With the Beatles’ “On Air — Live at the BBC Volume 2” just rolling out, fab fans are wondering what else might be coming from the group’s fabled British radio vaults. But don’t hold your breath, according to the new set’s co-executive producers.
“There are no plans at the moment,” Kevin Howlett, who rode herd on the two-disc set with Mike Heatley and Jeff Jones of Apple Corps Ltd. and also wrote the accompanying booklet notes, tells Billboard. “I think these two albums are wonderful from the point of view of presenting the real highlights of the Beatles’ BBC sessions.” And though the group recorded some 275 musical performances on various BBC shows, Howlett doesn’t foresee an appetite for repetition. “The Beatles completists out there may want to own every version of ‘Twist and Shout,’ and I can understand that because every version of ‘Twist and Shout’ is really good, but I don’t know that we want to go that far.”
The two “On Air” sets feature 81 of the 88 different songs the Beatles recorded for the BBC between March 1962 and June 1965, including for 15 episodes of the Tuesday night series “Pop Goes the Beatles” during the summer of 1963. But Howlett says the recordings of those other songs that are currently in hand “are just not up to the standard we’d like to have on the album.” And Heatley adds that those standards will not be lowered for the sake of completeness. “We have to maintain a decent quality threshold,” he says. “If the only thing that exists is a poor quality fifth or sixth generation tape full of distortion or whatever else, you can’t put stuff like that out, and we won’t.”
However… “If material were to become available of a quality that’s acceptable, that the engineers can work with, that’s something would pay attention to, I think. At this moment we can’t see a possibility, but if the material were to become available, obviously we’d look at it again and maybe put something else out — in another 19 years,” Heatley adds with a laugh, referring to the gap between the two “On Air” volumes, the first of which was produced by longtime Beatles cohort George Martin and was nominated for a Grammy Award for Best Historical Album.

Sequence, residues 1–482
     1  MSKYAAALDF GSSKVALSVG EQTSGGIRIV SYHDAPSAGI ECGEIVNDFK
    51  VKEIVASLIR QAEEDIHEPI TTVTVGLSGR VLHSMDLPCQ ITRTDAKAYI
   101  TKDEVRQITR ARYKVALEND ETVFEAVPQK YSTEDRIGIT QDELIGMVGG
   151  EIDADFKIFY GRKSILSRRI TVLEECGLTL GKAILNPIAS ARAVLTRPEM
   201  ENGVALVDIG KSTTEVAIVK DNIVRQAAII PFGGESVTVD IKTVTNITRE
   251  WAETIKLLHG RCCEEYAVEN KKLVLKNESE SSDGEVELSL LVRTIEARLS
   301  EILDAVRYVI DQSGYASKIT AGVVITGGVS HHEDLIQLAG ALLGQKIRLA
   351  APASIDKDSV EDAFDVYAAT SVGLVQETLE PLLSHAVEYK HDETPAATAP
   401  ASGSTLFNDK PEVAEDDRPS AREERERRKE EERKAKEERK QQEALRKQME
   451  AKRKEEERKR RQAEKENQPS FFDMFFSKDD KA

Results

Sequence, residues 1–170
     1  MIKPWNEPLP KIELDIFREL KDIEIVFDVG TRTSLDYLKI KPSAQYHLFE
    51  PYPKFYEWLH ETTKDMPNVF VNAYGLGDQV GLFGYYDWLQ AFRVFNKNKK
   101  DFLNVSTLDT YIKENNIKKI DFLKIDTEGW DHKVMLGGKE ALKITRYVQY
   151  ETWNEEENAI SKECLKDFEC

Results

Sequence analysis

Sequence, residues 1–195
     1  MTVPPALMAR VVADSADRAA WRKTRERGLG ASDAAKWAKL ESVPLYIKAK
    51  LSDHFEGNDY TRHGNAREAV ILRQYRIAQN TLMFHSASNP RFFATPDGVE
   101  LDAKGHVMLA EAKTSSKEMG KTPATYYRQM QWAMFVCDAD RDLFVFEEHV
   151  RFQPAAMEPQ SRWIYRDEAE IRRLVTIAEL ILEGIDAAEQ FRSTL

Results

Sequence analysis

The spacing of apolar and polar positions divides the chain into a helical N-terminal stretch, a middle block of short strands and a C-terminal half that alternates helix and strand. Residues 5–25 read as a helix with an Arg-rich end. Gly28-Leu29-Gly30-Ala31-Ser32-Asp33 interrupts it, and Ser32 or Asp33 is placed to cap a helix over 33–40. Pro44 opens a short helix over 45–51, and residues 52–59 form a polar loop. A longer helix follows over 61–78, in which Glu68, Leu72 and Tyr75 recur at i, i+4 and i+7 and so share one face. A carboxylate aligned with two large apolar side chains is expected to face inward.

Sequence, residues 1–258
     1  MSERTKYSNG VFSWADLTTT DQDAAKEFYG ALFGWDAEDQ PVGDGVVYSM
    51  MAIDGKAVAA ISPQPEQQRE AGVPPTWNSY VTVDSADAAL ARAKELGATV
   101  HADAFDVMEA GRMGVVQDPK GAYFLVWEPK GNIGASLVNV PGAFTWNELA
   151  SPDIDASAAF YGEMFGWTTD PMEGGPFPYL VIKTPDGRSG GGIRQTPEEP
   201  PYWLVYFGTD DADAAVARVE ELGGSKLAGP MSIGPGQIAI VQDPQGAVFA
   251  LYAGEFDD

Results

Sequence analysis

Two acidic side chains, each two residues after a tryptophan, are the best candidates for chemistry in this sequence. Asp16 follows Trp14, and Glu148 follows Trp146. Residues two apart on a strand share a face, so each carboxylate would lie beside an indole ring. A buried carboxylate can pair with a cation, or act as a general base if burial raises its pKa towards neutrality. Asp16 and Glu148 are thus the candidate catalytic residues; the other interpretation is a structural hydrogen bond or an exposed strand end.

The second volume was broached during 2011, when the Beatles finalized their deal with iTunes. Apple and EMI were initially interested in bonus material for the existing “On Air,” but Howlett — who began working with the BBC recordings during 1982 for the “Beatles at the Beeb” radio special — convinced the companies that there was enough for an entire second volume. On this one, however, he wanted to incorporate more of the Beatles’ spoken exchanges from the broadcasts.
“I really think those are so entertaining and do stand up to repeated listening,” says Howlett, who’s also just published his third Beatles BBC book, the lavishly packaged “The Beatles: The BBC Archives 1962-1970.” “I do think it’s part of the magic of the Beatles, the power of their personalities and their great sense of fun and their wit. The banter within the group as well as with the announcers is all part of the Beatles’ magic. So I wanted to make it sound like a radio show of the era, just to take people back to that time.” As bonus tracks, the new set features longer interviews with each of the Beatles from “Pop Profile” shows in 1965 and 1966.
The second BBC volume also contains a pair of songs the Beatles never recorded during their regular sessions for EMI — covers of Chuck Berry’s “I’m Talking About You” and a revved-up version of the pop standard “Beautiful Dreamer” that Heatley ascertained was inspired by a Tony Orlando rendition of the song from 1962.
“It came out in the U.K. on an EMI label in January ’63,” Heatley says, “and we reckon they must’ve got hold of a copy, heard it, rehearsed it and played it on the 22nd of January, and it went on ‘Saturday Club’ on the 26th. Whether they ever played it again you’d only know if you saw what they were doing in the clubs at that time.”
After the BBC buzz wears off, meanwhile, there’s more archival material headed Beatles fans’ way. “There is something, but I don’t think we’re allowed to talk about it yet,” Howlett says. “If you’re involved in these Beatles projects, you have to be very discreet. It’s all top secret.”